Thursday, February 26, 2015

Responding to hypothetical crises: "what happened to the rare earths crisis?"

Instapundit appropriately and sarcastically responds: "shockingly, markets." From MIT's Tech Review:

Demand appears to have fallen mainly because companies stockpiled these materials in anticipation of shortages, says Hatch. As it turned out, China’s lower export quotas—which were deemed unfair by the World Trade Organization—didn’t constrain the world’s supply, and China recently stopped imposing those limits on rare earths. Hatch notes that while the prices for some rare earth materials remain above 2010 levels and could go up again, a price spike like the one seen in 2011 is unlikely.
As it turns out, net neutrality is another hypothetical crisis that American politicians have decided to take a different approach on: regulation. I predict the phrase "unintended consequences" is going to be used - that were very much and vocally predicted before hand (Reason).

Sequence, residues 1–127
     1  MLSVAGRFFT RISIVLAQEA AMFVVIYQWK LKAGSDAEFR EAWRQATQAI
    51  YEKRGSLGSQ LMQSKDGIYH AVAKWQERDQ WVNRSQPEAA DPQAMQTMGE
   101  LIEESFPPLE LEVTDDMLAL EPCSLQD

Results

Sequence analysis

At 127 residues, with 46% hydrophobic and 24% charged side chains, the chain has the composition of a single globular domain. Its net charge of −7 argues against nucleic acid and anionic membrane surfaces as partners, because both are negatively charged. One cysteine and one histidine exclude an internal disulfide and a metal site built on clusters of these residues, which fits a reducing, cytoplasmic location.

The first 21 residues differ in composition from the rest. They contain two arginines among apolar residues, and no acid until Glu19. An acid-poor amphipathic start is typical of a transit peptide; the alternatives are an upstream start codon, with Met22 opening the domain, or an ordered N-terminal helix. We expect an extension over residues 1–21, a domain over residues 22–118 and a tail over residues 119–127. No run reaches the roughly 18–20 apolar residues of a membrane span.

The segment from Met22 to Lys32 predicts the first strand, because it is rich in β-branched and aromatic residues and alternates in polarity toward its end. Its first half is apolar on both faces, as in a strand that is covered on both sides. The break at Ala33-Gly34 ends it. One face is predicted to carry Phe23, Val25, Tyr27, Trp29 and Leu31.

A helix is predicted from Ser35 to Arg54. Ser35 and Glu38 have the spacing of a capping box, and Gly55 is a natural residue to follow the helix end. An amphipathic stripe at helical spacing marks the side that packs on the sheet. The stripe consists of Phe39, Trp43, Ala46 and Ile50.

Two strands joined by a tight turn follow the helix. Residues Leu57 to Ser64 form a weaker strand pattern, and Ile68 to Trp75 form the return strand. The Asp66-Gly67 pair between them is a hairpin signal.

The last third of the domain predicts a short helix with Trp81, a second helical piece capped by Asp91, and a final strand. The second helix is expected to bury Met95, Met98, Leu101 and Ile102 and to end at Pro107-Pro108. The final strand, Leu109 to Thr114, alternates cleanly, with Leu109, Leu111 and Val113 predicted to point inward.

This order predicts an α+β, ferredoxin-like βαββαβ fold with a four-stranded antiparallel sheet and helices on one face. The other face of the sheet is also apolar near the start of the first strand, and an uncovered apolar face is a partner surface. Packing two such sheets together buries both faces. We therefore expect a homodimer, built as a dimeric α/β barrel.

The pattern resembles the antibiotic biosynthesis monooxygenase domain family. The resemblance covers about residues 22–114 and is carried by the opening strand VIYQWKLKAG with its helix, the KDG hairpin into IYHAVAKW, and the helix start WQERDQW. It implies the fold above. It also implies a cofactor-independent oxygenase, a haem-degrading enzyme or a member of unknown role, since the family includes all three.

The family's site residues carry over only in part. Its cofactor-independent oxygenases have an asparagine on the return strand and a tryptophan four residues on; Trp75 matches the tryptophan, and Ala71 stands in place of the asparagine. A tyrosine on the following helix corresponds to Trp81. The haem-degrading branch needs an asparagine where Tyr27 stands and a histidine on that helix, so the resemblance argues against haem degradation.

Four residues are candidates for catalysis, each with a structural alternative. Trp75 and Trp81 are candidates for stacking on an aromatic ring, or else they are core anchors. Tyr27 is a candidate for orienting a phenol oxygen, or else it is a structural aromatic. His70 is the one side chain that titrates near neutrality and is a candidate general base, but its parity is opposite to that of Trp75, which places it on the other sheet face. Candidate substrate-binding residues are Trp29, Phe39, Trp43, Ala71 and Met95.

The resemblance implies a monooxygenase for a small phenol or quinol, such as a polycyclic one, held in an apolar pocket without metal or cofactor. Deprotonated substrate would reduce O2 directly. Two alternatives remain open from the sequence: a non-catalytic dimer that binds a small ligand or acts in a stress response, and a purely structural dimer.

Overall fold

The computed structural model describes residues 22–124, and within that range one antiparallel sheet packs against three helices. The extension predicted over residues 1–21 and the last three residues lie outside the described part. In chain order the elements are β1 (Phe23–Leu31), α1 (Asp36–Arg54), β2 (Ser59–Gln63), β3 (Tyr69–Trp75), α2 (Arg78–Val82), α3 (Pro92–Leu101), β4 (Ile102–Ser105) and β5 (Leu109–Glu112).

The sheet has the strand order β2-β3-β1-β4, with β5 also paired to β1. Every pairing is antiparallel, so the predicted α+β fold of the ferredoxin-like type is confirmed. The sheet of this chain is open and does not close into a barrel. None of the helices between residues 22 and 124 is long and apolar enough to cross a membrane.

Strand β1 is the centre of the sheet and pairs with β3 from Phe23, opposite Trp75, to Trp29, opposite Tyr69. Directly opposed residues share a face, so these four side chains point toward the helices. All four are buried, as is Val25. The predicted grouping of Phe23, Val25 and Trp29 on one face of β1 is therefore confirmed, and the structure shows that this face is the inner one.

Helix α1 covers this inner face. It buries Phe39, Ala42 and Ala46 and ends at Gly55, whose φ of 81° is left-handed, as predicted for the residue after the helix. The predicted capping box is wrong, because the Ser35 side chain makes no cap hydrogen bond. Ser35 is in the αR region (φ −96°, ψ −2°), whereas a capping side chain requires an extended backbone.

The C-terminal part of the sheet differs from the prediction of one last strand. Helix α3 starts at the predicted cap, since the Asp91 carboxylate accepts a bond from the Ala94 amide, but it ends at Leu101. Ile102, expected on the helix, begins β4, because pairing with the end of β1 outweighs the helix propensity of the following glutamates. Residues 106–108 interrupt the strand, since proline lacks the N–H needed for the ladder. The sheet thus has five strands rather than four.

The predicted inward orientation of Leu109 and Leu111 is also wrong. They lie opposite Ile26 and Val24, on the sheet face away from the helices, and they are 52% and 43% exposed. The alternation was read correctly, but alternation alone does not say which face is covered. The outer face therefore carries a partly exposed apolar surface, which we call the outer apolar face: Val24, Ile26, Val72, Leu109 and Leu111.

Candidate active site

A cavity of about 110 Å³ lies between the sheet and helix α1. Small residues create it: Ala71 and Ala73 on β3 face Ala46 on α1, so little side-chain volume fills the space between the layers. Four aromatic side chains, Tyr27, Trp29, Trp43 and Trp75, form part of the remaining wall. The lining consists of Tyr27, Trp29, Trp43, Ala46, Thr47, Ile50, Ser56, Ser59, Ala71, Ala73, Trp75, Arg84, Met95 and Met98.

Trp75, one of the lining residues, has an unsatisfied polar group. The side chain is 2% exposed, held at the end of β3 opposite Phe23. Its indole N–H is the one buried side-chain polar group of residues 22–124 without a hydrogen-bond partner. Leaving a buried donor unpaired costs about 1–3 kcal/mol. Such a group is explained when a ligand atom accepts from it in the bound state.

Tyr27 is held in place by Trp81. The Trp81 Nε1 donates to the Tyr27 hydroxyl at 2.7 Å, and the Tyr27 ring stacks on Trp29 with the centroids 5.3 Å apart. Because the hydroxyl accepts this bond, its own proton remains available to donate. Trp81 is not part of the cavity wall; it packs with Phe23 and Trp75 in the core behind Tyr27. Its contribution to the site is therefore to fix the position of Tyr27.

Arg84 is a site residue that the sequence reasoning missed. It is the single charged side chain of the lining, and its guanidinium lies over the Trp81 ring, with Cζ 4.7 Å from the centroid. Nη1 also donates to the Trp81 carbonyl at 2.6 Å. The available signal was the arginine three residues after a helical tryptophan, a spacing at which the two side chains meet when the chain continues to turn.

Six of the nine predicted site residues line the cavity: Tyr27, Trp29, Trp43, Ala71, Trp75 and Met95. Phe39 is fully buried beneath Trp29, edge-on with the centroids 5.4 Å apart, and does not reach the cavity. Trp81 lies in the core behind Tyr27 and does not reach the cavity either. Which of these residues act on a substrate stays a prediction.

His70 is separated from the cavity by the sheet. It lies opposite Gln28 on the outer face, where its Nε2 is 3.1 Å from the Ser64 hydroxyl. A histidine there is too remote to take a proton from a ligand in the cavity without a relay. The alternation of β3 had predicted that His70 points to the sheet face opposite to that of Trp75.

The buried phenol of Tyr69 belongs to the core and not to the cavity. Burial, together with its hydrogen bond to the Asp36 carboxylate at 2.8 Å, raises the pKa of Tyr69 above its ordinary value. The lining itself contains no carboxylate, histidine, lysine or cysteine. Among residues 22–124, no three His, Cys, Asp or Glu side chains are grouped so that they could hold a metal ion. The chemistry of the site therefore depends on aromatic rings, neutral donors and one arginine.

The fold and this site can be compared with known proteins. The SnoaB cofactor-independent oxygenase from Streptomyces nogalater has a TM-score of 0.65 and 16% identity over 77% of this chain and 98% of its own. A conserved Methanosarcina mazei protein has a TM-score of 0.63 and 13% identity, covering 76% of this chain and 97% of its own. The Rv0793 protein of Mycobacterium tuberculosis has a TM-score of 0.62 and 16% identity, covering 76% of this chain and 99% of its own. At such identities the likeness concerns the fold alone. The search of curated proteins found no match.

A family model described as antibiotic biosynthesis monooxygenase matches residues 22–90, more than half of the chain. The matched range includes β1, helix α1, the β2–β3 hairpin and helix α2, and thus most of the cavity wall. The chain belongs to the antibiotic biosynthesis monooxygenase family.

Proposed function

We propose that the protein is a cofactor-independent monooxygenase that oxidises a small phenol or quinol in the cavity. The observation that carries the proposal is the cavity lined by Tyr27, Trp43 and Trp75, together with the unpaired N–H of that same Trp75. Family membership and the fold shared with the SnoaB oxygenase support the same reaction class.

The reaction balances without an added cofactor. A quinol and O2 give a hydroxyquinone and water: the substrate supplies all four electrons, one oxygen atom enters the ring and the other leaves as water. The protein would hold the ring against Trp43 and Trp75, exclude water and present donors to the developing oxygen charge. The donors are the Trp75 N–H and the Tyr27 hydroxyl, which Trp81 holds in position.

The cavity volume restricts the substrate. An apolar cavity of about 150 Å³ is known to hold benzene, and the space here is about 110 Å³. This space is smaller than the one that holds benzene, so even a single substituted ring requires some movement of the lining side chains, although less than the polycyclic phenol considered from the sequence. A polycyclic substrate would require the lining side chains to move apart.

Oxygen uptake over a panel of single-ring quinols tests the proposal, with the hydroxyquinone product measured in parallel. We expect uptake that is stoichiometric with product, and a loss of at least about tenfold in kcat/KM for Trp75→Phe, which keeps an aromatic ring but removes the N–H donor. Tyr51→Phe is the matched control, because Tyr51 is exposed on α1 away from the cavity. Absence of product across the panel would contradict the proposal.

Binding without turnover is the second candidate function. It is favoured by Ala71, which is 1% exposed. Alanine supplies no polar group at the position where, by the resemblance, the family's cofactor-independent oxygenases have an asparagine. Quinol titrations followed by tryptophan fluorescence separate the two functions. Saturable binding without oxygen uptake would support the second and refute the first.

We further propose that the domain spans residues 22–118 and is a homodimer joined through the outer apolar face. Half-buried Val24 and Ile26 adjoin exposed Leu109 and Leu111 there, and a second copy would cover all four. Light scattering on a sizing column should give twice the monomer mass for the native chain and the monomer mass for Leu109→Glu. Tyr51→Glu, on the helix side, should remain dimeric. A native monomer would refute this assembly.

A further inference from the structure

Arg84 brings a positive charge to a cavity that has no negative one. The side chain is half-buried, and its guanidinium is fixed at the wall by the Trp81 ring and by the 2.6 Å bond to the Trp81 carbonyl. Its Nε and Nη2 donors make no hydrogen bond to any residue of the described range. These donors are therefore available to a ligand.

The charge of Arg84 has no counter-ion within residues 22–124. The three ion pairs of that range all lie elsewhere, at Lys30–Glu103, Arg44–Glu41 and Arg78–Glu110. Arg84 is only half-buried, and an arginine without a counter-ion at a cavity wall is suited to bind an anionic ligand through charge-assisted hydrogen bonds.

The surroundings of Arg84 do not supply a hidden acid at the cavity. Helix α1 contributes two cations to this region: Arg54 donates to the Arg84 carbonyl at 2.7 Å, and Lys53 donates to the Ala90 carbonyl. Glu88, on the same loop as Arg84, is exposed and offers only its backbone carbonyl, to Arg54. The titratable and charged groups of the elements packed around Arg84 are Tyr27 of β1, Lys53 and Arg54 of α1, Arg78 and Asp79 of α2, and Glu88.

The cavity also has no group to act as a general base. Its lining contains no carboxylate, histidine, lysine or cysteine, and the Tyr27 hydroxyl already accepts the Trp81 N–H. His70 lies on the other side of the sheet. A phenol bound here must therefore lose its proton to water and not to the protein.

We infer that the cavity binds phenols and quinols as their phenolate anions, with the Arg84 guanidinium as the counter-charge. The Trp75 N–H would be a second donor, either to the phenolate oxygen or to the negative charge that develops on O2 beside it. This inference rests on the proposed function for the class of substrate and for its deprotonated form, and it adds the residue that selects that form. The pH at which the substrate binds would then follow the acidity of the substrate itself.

How landlocked Botswana found economic growth

Through 'economic liberty'. Remarkable for a country once the third poorest in the world (dailysignal):

Friday, February 20, 2015

Whither the Greeks...

The entire Greek situation is bizarre... but in the midst of the Greek government demanding that they receive new loans, an oddly lucid piece of journalism (NYT - yes, oddly, the NYT):

Businesses are still stymied by labor rules and tax policies that under the previous government often changed week to week — 2,200 new tax regulations in the last two years alone.

Firms like Mr. Stamatiou’s, as well as investors and start-ups, face high administrative costs and bureaucratic inefficiency that Greek business associations say jeopardize jobs and leach about €14 billion a year from the economy. Corruption remains widespread, and vested interests have fought against opening swaths of the economy to competition.

“The removal of austerity is all fine and well,” said Constantine Mihalos, president of the Athens Chamber of Commerce. “But it will only be the right solution if it is followed by the necessary structural reforms in the public and private sector creating conditions for growth.”